The pleasure in instantaneous moments and its effect on developing a utopian society are not ordinary subjects of conversation. But they captivated Visions & Voices' audience on February 9, 2017, at Doheny Library for a panel, "500 Years of Utopia: Utopian Representation," about Utopia seen through the context of architecture.
Panelists included renowned librarians Megan Prelinger and Geoff Manaugh, who talked about the city of tomorrow. They began the panel by introducing the film archives and print library as further means of exploring the topic being discussed, and then transitioned into an array of movie clips focused on Confucianism's vision of utopia. Subsequently, Confucianism believes perfection cannot be reached until society considers themselves the root problem.
During the panel, a movie portrayed speeding on highways as a way to fulfill the "id" and ended with a fatal car accident. In terms of Confucianism, the individuals driving the car were at fault since they acted irresponsibly and potentially placed others in danger. While many in the audience found the clip funny, the subsequent connection to utopia was not immediately evident. After much thought, utopia's interdependence on architecture suggests that the highway system contributes to our need for impulsive actions like racing, speeding, and road rage. Since highways are man made constructions, Confucianism would suggest it as society's way of failing to contribute to a perfect society. Additionally, highways facilitate the crime that plagues our society because it allows society to believe the action will only last for that instantaneous moment. Such actions distract from developing a perfect society where each individual contributes to the development of a city.
The panelists slowly deviated away from Confucianism's vision of utopia and began sharing their own personal views. Prelinger believes that viewing society in terms of science can help develop long-term thinking. For example, in a hygiene fixated society, prevention of disease transmission can ensure that members have access to a variety of resources to support their need for a healthy and clean environment. Prelinger also briefly discussed that viewing a city as a science fiction project can force discussions of what society values and prioritizes on a daily basis. While no examples of such society were provided, the audience especially science fans, strongly agreed with the panelist.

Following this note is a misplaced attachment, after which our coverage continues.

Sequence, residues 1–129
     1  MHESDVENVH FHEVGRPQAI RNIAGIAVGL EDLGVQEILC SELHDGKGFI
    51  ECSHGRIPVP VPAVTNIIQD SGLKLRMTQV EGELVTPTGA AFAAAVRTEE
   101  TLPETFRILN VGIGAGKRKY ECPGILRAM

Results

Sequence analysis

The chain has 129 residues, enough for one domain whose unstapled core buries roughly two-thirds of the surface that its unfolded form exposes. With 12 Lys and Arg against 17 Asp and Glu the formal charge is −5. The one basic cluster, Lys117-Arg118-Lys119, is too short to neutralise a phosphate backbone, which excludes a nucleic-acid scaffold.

An interesting example brought up during the discussion, which piqued my curiosity, was elevators. We subconsciously use or come into contact with them more often than we hope, and it exemplifies technology as of utmost importance. In our technology-fixated society, each member believes the progress of technology as revolutionary for the decade. Such thinking can be impulsive, as technology has caused society to deviate from its simplistic roots where we once strived for perfection without complexity. Additionally, technology often satisfies our instantaneous desires and leaves us feeling empty to the point where we become addicted and dependent on such gadgets for everything.
The panel piqued interest in the beginning and then slowly lost focus causing some of the audience members to use the question and answer potion of the panel to re-focus. Some of the topics brought up during discussion were how contemporary society seeks instant gratification and contrasting it with a utopian society, which utilizes gratification for progress. Manaugh expanded on this during the Q & A by comparing "enough" and "plenty", simple words we often take for granted. The conversation could have been improved if the concepts were more seamlessly fused. Each panelist contributed prior knowledge about utopia; however, there was limited discussion between the two panelists. In its entirety, however, the Visions & Voices event provided an excellent opportunity to learn about utopia through a different lens and engage in insightful dialogue about the interdependence of science and utopia.